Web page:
EPA releases latest data on toxic chemicals nationwide. Guam toxics increase due to new chemicals, additional facility.
Release Date: 04/12/2006
Contact Information: Dean Higuchi, 808-541-2711, firstname.lastname@example.org
(04/12/06) HONOLULU – Eight facilities in Guam reported a total of 747,000 pounds of toxic chemicals released into the air, land and water in the year 2004, according to new data released today by the U.S. Environmental Protection Agency.
The data comes from the EPA’s Toxics Release Inventory, an annual measure of toxic chemical releases, transfers and waste generated by facilities in the United States. Total releases include toxic chemicals discharged to air, water, underground injection, land (including landfills), and the amount transferred off-site for disposal. Data provided does not mean that facilities with elevated levels are out of compliance with state, local or federal environmental regulations.
Guam facilities reported large increases in air and water, mainly due to the fact of an additional facility reporting and new chemicals being used. The air increases are due to a 531,000 pound increase in air releases of naphthalene from the Guam Power Authority. Guam Power Authority did not use this chemical in reporting year 2003. Increases in water releases are due to a 7,539 pound increase in nitrate compounds at the U.S. Navy Marianas.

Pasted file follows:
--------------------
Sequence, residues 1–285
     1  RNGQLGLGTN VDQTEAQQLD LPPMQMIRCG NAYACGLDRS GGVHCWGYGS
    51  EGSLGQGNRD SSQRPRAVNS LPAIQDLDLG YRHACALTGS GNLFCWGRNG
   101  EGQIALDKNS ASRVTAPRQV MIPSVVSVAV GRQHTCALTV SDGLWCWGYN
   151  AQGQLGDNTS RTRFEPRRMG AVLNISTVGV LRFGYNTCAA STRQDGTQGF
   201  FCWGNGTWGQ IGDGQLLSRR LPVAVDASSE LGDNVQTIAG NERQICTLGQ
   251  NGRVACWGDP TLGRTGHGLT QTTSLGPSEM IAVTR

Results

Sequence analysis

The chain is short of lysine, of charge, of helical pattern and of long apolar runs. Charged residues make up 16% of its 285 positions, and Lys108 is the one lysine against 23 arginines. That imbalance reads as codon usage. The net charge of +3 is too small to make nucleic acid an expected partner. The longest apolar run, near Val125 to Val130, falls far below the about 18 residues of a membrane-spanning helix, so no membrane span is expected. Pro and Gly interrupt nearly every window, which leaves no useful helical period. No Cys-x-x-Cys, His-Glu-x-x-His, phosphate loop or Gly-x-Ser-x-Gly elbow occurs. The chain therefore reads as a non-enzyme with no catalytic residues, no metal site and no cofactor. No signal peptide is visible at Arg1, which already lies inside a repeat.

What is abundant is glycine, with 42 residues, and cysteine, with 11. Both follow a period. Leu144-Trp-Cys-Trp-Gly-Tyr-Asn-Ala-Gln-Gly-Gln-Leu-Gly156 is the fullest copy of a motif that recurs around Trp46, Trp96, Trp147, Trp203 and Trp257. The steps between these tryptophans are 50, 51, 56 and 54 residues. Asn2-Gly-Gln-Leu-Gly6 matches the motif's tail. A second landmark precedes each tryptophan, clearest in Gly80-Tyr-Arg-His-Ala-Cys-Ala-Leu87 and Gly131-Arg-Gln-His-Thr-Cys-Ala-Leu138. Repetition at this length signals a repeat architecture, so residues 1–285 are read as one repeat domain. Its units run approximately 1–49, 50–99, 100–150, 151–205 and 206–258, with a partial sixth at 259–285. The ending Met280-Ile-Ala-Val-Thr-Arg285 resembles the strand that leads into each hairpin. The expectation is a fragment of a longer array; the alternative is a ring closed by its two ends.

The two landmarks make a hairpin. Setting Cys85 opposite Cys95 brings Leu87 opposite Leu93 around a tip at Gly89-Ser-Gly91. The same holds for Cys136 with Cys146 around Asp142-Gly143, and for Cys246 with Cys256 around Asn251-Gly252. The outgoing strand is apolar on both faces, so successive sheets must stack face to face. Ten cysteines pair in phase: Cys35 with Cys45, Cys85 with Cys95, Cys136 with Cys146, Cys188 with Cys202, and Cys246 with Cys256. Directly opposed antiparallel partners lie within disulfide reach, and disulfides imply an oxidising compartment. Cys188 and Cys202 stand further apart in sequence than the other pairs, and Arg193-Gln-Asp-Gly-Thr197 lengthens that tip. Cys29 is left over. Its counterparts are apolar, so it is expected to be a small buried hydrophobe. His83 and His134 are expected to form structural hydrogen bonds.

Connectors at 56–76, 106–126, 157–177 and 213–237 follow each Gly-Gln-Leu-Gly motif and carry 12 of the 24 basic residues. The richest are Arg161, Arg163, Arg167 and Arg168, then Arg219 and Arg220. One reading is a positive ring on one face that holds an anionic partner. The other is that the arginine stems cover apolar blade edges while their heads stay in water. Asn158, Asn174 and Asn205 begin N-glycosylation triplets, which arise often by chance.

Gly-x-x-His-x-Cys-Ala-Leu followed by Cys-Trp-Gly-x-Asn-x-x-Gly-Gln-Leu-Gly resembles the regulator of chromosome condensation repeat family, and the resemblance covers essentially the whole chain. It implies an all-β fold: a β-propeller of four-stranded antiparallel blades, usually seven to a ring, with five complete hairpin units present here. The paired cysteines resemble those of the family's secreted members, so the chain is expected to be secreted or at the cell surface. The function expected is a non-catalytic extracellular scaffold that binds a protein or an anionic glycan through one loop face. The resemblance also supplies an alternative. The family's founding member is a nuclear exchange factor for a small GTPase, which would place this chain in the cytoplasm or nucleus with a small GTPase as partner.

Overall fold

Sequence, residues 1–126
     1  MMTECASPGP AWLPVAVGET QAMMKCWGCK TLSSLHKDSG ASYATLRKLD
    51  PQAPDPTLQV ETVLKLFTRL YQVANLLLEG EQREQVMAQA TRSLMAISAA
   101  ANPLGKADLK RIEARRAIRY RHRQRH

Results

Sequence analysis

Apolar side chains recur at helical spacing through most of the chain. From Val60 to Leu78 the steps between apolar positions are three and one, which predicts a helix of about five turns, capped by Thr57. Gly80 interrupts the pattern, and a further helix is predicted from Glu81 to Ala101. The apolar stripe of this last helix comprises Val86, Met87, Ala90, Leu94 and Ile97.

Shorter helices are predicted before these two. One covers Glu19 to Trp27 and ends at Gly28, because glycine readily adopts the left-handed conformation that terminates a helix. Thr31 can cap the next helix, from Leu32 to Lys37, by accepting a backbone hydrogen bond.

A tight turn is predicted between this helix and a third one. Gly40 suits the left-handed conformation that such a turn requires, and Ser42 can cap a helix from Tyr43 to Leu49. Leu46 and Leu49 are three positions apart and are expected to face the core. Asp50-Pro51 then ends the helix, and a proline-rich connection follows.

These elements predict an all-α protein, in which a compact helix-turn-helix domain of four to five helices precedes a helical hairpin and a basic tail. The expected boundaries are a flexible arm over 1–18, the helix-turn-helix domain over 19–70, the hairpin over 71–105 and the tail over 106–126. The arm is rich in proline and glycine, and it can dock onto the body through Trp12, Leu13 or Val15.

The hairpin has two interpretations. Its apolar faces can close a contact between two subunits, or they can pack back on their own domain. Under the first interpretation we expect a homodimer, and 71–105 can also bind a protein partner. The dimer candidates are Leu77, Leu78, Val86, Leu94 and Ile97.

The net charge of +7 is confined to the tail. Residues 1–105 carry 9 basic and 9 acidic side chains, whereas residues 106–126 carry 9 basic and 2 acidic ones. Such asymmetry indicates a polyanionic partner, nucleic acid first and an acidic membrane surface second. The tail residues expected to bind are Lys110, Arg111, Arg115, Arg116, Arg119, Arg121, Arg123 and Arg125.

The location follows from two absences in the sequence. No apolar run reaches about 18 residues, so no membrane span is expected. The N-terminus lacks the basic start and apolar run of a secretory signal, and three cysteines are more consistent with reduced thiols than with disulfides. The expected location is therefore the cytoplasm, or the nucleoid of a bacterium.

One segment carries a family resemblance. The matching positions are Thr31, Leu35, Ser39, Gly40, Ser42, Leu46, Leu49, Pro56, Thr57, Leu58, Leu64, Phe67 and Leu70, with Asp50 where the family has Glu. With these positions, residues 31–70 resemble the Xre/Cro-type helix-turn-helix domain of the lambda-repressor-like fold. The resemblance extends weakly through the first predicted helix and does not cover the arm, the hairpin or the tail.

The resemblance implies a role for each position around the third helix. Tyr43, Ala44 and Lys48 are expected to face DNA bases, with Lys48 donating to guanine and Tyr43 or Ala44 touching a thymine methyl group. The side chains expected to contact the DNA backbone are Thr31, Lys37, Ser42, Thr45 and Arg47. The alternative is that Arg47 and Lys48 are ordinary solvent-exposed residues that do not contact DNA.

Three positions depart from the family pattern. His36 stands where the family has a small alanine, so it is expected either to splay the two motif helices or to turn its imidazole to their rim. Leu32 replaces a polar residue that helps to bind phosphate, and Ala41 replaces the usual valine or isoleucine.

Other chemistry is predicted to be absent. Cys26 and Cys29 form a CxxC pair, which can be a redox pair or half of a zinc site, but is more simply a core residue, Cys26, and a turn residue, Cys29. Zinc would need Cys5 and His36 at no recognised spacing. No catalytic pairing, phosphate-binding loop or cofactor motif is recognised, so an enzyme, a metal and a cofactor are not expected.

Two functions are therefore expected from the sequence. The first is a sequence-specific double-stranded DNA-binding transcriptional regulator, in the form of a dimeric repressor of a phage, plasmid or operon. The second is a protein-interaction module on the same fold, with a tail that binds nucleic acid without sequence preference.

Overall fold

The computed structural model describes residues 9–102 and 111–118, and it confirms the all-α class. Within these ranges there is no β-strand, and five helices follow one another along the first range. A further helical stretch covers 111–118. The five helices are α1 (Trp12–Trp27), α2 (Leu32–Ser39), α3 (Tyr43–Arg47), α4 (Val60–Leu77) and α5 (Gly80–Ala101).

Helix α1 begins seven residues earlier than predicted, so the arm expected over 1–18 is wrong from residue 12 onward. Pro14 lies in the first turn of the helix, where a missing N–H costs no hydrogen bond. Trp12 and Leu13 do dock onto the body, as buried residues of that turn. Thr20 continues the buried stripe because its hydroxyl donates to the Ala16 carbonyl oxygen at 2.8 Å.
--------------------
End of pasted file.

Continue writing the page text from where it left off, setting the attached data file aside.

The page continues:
“TRI helps all of us – regulators, emergency responders, businesses and communities – remain aware of the types and amounts of chemicals being used in neighborhoods throughout the country,” said Wayne Nastri, the EPA’s administrator for the Pacific Southwest region. “This year’s data provides us with a more accurate picture of toxic chemical emissions on the island due to more facilities reporting.”
Nationally, the amount of toxic chemicals released into the environment decreased by 4 percent from 2003 to 2004, and have declined 45 percent since 1998.
The reporting of data to the Toxics Release Inventory is required under the federal Emergency Planning and Community Right-to-Know Act, passed in 1986. This program has been credited with arming communities with valuable knowledge and encouraging facilities to reduce their releases of toxic chemicals into the environment through source reduction, or pollution prevention measures.
GUAM POWER AUTHORITY CABRAS FACILITY
HAWAIIAN ROCK PRODUCTS GUAM
MOBIL OIL GUAM INC CABRAS ISLAND TERMINAL
SHELL GUAM INC
SOUTH PACIFIC PETROLEUM CORP
TANGUISSON POWER PLANT
US AIR FORCE – ANDERSEN AIR FORCE BASE
US NAVY – Marianas
The following Web sites also provide useful information on TRI: http://www.epa.gov/triexplorer/ and http://www.epa.gov/enviro
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